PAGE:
As the SKWAWKBOX covered at the weekend, in spite of promises to the contrary by Theresa May and the local council some residents of Grenfell Tower have been offered accommodation in Preston and even as far north as Northumberland – and threatened with being labelled ‘intentionally homeless’ if they refuse the offer.
Being judged ‘intentionally’ homeless would mean the withdrawal of support and the loss of a position on housing lists.
But it has emerged that it can also mean losing custody of your children.
Intentional homelessness when dependent children are involved usually results in the involvement of social services and, as a government document on intentional homelessness confirms, Social Services departments,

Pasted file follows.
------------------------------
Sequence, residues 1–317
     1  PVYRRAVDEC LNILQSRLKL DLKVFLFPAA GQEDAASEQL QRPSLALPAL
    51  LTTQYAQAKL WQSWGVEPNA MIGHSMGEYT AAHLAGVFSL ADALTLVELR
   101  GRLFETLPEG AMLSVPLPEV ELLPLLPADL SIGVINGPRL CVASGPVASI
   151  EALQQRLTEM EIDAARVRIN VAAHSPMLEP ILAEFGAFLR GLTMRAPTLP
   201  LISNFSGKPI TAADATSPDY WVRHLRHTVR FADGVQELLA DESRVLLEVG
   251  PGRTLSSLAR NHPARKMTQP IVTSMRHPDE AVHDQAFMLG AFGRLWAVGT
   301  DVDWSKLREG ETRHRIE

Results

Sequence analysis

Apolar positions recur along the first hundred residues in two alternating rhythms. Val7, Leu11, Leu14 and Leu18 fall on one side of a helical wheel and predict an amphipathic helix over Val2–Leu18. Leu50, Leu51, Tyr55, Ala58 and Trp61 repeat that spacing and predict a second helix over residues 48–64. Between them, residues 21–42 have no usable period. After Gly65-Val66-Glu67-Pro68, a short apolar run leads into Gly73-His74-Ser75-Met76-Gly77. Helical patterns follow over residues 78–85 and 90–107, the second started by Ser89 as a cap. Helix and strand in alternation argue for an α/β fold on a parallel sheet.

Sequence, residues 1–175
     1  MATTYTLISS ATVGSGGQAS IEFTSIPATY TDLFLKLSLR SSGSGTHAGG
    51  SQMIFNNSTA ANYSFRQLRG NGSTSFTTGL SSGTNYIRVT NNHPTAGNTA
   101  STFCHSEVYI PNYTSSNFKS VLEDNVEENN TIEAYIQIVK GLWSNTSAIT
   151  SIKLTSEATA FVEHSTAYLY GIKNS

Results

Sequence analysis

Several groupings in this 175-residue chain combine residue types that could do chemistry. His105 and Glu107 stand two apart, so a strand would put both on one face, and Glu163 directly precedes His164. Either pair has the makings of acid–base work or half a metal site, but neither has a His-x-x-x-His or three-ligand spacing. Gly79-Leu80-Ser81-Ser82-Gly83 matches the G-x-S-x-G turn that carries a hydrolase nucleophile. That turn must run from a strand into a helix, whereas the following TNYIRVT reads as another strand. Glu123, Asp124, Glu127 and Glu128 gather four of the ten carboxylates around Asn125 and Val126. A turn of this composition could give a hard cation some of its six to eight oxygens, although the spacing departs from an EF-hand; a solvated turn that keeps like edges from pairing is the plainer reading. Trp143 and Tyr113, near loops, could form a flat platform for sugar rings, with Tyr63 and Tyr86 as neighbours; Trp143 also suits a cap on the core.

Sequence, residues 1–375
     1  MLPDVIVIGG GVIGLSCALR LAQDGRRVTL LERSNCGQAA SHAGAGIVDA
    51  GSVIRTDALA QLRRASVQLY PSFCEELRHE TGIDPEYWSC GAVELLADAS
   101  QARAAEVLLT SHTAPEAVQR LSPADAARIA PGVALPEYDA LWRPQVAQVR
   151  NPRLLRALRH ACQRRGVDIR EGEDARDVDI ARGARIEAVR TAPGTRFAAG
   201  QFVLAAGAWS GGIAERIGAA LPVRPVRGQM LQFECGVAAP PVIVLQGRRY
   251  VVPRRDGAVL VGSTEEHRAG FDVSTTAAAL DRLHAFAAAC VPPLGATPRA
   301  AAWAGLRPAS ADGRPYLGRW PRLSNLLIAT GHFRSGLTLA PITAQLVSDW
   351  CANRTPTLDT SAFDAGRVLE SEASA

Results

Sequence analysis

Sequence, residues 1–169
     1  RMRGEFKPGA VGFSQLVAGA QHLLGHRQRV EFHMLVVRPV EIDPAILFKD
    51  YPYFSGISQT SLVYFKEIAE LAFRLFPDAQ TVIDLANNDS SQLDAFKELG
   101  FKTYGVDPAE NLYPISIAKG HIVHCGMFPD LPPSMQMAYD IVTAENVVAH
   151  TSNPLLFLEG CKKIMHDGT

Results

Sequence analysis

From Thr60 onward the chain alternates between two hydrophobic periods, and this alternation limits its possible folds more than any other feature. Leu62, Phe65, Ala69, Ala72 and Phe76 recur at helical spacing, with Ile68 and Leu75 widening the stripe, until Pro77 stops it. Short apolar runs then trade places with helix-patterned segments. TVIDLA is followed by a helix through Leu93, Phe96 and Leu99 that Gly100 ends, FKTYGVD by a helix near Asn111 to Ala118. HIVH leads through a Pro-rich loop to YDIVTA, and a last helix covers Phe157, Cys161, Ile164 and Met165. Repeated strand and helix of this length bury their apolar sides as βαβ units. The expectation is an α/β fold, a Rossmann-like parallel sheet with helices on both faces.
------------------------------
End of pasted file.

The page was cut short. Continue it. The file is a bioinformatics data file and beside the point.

frequently limit their response to ‘offering’ to take the children into care.
The document goes on to elaborate that the government’s
aim should be to avoid families being split up as a consequence of homelessness through a mix of better prevention services and support packages and the use of other means of intervention such as anti-social behaviour orders where appropriate
but offers no guarantee that the aim must be successfully achieved.
The inhumanity of the attempts to pressure Grenfell survivors into accepting unsuitable or distant accommodation is even more profound than it at first appeared.
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